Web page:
I’m sitting here in bed at 1:30 in the morning in the wee hours of April 6th. I was awake at this time four years ago, watching you sleep restlessly beside me. You were sick and so we’d put you on oxygen, just like we had every other time you’d been ill. I could never sleep when you were tethered to that thing, and so I sat up and watched you, your sweet little head the only thing on my pillow. I counted the minutes until I could call your pediatrician. I wish I’d taken you to the ER instead. It was your last night in our home – your home. I wish I’d laid my head down next to yours.

I’m sitting here in bed in the wee hours of April 7th. I was awake at this time four years ago, sitting next to your bed in the PICU. The nurses had wheeled over a TV and VCR, and we were watching movies together. You clung to my index finger while we watched Mary Poppins, and then The Wizard of Oz. I sang the songs to you softly, and told you how much I loved the movies, especially The Wizard of Oz. For a month after you died, commercials for the traveling stage production of Mary Poppins aired incessantly on my TV, practically driving me mad. But in those early minutes of the day, I sang you the songs and squeezed your hand. I had no idea we had less than twenty four hours together.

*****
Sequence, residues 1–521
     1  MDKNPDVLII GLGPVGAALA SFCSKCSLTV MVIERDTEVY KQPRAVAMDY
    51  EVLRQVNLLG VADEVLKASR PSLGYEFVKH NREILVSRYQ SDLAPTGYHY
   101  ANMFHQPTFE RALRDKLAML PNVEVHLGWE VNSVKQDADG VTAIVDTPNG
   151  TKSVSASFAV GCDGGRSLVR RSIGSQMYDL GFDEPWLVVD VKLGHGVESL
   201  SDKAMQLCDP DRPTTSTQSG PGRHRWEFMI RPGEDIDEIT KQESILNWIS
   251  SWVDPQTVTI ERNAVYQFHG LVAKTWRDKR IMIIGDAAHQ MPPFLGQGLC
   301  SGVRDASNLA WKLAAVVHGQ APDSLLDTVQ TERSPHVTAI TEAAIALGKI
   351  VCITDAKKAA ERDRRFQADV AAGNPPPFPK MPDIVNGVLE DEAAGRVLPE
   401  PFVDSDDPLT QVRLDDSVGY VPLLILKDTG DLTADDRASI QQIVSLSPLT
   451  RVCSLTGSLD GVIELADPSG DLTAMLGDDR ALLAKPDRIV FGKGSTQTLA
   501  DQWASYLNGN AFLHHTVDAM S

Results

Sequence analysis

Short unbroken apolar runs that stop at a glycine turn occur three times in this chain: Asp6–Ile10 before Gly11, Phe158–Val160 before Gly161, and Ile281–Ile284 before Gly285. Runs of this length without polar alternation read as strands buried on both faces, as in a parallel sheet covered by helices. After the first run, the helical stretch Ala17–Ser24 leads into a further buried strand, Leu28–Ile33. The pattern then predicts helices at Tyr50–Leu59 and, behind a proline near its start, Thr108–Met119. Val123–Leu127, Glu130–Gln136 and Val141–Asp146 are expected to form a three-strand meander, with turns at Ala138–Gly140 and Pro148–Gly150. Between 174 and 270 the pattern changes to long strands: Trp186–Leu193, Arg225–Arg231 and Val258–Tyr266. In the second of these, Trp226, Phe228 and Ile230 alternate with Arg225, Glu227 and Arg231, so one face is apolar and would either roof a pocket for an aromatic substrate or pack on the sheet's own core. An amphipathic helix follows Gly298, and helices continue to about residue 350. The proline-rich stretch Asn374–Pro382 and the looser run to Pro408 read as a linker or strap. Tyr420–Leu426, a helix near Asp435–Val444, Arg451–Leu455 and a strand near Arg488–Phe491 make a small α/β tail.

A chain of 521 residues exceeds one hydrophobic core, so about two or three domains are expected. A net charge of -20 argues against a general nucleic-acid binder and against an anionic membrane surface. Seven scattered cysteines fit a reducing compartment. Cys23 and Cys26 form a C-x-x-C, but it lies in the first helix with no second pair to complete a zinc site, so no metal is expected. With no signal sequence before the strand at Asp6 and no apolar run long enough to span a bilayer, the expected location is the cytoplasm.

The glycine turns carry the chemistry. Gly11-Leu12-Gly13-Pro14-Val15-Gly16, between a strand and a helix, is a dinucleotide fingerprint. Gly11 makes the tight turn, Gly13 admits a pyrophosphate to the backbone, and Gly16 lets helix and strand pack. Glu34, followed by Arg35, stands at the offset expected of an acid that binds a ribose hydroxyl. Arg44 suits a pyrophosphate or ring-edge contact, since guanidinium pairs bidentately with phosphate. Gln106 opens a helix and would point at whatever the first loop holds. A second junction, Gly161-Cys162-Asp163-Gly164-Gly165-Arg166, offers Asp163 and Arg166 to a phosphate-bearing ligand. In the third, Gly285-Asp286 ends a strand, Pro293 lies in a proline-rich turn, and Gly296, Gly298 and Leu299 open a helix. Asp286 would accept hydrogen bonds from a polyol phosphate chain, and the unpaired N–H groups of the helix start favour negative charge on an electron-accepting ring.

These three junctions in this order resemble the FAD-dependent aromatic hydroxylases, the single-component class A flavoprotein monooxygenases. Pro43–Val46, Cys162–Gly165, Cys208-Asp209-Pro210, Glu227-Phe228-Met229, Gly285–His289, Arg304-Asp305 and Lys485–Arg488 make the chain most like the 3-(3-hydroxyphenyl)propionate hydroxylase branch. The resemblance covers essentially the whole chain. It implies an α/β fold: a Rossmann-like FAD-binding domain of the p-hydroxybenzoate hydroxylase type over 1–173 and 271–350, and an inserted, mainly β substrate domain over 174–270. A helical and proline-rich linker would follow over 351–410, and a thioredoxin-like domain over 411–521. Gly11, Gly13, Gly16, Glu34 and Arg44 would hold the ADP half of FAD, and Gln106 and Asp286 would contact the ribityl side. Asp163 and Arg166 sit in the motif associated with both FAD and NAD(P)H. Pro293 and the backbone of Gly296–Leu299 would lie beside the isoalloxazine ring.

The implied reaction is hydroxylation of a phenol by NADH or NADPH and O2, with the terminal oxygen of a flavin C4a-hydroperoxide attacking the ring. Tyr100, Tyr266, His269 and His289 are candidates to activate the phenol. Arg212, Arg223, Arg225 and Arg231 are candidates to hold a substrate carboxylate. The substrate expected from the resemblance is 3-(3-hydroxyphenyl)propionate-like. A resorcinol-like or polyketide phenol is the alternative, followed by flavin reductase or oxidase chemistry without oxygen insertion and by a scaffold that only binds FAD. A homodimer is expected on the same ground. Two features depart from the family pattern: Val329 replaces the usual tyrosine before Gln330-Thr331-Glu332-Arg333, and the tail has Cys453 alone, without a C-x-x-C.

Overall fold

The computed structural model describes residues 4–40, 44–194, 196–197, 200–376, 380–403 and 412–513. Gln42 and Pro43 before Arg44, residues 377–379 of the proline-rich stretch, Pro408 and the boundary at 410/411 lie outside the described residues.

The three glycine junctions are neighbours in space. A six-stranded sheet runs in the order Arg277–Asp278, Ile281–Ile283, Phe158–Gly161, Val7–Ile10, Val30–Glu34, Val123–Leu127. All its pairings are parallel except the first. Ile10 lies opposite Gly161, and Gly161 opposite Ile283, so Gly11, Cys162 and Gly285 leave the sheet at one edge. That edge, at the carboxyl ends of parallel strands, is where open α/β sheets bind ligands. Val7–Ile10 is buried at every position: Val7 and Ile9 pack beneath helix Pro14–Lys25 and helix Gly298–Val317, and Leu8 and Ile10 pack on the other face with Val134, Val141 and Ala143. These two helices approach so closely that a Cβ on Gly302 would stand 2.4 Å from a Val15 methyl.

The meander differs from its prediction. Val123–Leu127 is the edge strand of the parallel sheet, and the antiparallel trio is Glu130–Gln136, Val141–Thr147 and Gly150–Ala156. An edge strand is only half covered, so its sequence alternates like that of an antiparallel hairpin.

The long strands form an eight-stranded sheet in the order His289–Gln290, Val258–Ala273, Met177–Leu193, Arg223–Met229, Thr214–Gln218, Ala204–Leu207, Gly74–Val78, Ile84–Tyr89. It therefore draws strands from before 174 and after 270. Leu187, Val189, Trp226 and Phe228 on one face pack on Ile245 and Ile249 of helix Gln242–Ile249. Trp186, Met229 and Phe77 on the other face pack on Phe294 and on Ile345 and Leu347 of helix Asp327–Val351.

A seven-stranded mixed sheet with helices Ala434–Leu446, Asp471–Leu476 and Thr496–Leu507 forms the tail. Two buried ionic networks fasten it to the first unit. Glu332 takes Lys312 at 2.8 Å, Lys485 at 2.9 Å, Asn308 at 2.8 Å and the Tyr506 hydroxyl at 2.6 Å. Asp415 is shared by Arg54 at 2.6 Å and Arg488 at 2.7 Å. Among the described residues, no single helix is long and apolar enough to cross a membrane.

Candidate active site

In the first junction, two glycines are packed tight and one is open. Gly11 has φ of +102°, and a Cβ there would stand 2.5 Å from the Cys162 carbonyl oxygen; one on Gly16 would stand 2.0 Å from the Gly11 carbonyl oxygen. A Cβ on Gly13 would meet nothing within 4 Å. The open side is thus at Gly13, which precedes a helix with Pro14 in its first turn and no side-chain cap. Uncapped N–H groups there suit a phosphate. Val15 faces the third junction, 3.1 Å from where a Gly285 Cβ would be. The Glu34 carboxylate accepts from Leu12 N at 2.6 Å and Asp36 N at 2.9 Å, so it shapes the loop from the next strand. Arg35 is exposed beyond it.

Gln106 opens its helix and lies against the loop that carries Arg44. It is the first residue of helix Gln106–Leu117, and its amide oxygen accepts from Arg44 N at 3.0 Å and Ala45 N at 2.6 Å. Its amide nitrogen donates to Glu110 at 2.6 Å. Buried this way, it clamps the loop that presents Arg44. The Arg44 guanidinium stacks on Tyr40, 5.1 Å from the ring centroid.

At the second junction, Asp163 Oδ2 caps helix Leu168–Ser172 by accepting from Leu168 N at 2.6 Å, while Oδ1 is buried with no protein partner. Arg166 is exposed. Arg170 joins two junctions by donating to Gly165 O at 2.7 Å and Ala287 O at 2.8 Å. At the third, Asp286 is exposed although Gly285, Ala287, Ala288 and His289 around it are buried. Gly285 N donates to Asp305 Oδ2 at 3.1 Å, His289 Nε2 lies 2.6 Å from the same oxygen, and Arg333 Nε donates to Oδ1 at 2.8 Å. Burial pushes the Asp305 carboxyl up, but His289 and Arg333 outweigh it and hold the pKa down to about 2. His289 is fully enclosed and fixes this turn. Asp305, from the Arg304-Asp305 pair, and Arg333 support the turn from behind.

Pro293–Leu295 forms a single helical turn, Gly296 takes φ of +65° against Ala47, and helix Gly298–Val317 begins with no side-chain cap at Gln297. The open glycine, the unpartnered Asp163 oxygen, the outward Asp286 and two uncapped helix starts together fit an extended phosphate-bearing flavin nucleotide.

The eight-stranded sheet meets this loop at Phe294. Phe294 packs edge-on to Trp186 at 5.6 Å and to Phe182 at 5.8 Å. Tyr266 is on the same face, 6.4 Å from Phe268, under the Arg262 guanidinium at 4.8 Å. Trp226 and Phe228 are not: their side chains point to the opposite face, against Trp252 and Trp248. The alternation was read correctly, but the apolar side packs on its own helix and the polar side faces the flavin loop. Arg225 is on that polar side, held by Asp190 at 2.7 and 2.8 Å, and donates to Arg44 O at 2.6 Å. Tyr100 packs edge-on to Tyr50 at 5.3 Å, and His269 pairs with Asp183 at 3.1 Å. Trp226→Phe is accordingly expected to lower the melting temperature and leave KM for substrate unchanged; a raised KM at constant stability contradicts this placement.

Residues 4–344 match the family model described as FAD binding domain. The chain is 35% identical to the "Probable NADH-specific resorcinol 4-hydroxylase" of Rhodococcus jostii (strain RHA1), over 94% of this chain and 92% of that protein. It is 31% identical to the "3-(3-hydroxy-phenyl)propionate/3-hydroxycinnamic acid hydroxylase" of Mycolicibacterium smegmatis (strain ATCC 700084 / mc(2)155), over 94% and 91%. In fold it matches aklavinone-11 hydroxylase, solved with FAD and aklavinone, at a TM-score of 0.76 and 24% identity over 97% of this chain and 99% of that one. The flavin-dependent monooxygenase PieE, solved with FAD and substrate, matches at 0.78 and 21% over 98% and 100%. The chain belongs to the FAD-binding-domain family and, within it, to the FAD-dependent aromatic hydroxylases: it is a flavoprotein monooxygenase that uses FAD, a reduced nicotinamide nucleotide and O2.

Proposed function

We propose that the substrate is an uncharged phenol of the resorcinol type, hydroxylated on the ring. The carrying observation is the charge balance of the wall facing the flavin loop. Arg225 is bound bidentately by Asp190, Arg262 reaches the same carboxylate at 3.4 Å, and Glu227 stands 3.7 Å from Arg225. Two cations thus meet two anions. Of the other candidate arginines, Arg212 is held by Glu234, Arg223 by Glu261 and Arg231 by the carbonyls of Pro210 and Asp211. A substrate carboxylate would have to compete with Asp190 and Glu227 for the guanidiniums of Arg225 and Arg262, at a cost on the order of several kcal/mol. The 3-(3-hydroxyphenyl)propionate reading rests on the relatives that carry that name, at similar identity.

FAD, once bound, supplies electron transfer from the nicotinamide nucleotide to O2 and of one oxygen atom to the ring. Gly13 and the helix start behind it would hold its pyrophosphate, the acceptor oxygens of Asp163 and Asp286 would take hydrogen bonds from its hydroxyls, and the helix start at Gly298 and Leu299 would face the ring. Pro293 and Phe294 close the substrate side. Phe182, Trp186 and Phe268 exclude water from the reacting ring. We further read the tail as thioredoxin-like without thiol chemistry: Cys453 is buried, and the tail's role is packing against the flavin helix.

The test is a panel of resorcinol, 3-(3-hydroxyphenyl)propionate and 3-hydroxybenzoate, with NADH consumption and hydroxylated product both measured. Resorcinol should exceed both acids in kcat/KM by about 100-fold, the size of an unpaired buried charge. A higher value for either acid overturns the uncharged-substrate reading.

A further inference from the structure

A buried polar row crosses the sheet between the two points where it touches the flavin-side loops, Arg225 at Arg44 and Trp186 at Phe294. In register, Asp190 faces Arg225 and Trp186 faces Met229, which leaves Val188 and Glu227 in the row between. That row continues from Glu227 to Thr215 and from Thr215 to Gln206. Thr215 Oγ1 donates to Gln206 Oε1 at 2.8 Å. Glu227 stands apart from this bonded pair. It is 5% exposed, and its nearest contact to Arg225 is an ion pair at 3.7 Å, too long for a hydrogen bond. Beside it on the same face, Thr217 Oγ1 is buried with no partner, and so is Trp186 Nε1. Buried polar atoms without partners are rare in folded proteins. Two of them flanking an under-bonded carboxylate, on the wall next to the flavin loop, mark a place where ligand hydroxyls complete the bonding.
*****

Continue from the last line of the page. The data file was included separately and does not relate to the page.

Another April 7th, the fourth one I’ve started without you. I keep waiting for this to somehow get easier; that at some point, I’m finally going to be resigned to this life without you and the pain will stop increasing. But as your daddy sleeps beside me, as Rigby sleeps on my feet, as your sister sleeps down the hall, and as your brother squirms inside of me, I think I’ve realized that it’s only going to get worse. Every year, as I watch your sister (and soon your brother) do the things you never got to do, it’s going to hurt a little more.

When people ask me how I’m doing, I tell them I’m tired. People chalk it up to the pregnancy, but the thing is, I’m always going to be tired. I’m living a double life: The life of the parent who glories in her children’s lives and accomplishments; and the life of the parent who is haunted by your final moments. I am both singing at the top of my lungs with one child while I am watching you die behind my eyelids. I am wondering what one child’s eyes will look like while remembering how yours looked when I closed them with my fingertips.

I hate this. I Hate This. I HATE THIS. Why can’t you be here? WHY DID THIS HAVE TO HAPPEN TO YOU?!

Every April 7th since you died, I’ve done my best to remember you alive and living and laughing, but in these wee minutes your last hours are replaying in my head like an ear worm, the fourth verse of a song I never wanted to hear. I’m so angry, so ferociously irate that you are gone that it’s overwhelming me. I know I need to feel this, and so I will pace the house and ride this out until I think I can finally sleep.

When sleep does come, I desperately hope I will have pleasant dreams of you. I will wish for the rest of my life that things were different.

I love you still, always, forever, more every day, my sweet Madeline Alice.

Love, Mommy

sleeping mommy and Maddie